A few weeks ago, I joined the Writers' Guild in the UK. The Writers' Guild is one of the many thorough unions for writers and they work very close together with other creative unions and fight for fair payment for writers and are in regular contact with the BBC and ITV. Their prime aim is to make all writers feel valued, whether they work in television, radio, theatre, or in books.
This is the first time they've held a meeting in Birmingham and they had a good turnout. One of the members of the committee even said, "You put London to shame."
Being a part of the meeting was an educational event for me. I found the guest speakers to be motivational and full of industry experience. I met writers who had been involved in many beloved British exports like Midsummer Murders, Call the Midwife, and EastEnders and many of the people I spoke to had been members of the guild for over ten years.
Being a member of the trade union offers a range of benefits including free lifetime membership with ALCS and discounts to several online courses and theatres across the country. I already had an ALCS account prior to joining the guild, but I'm proud to be a part of both groups.
The vibe in the room was positive. Everybody's opinions were valued and they all had a chance to speak up and discuss changes to their policies. There was a very heated debate about regulating vs mediating which left many people confused with the motion. Fortunately, the other motions were clearer to understand.
And on top of that, there were light refreshments and a lovely diverse collection of teas and coffees available. There was, of course, the afterparty which seemed lovely. Sadly, I couldn't go to the afterparty as I had to be back for my local writing group. However, judging from the pictures on Twitter, it seems like everyone had a lovely time.
The email I received prior to the event recommenced a restaurant called Marmalade which is linked with the theatre nearby. It was quite a disappointing experience. We waited a long time for our food and I ended up getting fries instead of soup. But at that point, I was that hungry, I decided not to complain and eat the fries anyway. The poor service from the restaurant was the only negative about the whole day. So, that’s not that bad.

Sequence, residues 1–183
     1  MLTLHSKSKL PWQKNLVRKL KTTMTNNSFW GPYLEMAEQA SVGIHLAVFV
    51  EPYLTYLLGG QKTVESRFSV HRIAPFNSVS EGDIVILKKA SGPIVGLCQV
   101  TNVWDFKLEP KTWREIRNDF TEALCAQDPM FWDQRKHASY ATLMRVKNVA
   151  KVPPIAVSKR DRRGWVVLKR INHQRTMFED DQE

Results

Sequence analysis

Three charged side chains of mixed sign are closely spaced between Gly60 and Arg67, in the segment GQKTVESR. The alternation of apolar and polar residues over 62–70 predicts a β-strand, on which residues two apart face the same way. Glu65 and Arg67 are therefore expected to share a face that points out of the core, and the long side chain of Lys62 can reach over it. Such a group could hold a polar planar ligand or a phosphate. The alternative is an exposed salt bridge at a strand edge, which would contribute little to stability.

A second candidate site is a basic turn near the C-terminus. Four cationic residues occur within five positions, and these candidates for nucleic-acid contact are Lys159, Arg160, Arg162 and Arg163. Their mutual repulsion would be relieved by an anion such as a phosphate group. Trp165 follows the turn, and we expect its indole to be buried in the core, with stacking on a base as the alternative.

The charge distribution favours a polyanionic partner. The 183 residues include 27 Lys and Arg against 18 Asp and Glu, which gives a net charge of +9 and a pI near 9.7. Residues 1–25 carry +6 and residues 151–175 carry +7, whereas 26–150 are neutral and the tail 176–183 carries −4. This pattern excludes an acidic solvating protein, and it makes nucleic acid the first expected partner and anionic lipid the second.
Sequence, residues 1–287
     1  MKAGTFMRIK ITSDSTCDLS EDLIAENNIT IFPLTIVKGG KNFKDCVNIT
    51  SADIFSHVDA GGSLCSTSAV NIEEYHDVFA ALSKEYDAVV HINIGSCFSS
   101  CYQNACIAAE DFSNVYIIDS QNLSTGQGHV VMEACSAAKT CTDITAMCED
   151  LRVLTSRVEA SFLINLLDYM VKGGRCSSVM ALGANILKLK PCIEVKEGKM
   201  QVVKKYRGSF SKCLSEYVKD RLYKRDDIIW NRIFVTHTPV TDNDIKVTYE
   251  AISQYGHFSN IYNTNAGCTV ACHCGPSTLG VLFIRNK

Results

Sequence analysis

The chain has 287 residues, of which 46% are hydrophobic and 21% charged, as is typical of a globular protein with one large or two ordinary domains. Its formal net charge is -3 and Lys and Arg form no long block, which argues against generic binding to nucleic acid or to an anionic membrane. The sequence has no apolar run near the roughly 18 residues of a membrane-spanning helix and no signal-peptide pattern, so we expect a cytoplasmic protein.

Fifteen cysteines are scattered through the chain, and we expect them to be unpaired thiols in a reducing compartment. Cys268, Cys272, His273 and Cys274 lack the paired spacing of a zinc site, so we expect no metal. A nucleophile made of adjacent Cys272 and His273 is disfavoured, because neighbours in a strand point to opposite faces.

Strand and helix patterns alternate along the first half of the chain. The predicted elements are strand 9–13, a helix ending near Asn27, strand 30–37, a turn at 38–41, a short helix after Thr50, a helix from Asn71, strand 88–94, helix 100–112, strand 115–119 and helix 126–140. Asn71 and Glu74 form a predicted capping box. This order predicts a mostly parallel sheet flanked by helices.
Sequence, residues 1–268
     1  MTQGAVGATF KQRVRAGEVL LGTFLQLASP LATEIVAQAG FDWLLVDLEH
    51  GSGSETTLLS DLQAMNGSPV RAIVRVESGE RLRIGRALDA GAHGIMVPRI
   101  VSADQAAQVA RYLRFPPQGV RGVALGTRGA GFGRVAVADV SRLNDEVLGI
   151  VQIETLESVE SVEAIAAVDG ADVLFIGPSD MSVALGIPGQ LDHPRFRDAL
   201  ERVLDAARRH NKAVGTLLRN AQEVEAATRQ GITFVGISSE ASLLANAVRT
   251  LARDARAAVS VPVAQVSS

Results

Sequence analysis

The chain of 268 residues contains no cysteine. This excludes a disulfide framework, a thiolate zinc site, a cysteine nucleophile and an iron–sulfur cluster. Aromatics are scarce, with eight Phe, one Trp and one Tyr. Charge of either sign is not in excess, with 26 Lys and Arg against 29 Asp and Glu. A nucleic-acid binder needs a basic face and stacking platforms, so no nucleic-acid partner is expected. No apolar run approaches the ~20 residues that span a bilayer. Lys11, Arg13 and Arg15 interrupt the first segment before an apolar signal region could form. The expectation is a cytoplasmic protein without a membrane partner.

So far, being a member of The Writers' Guild has proven to be a worthy investment. I've enjoyed mingling and being with many talented writers from various fields and it's really opened my eyes to how writing is an important part of the economy.
I've discovered many future outlets I can turn to if I want to discover a career in writing. They really sold me into looking into radio and theatre writing. I've written many things but never anything for radio of theatre before, so it could be a new and exciting experience for me.
It made me feel hopeful for me and other writers like myself. I did take a lot of notes during the talk and found myself making a list of a dozen roles a writer can take. And with the support of the guild, I think anyone can take those steps.
Writers form the foundation of the creative industry and I found many of the talks empowering and motivating. The guild is actively seeking new members and volunteers to spread so that writers know that they are not alone and are entitled by law to have support.
I found myself agreeing with a lot of the statements mentioned in the meeting. We shouldn't give up our dreams and passions of becoming a writer.
As a book lover, I thought the venue was perfect. It's one of the biggest libraries I've ever been in and looks stunning in the inside.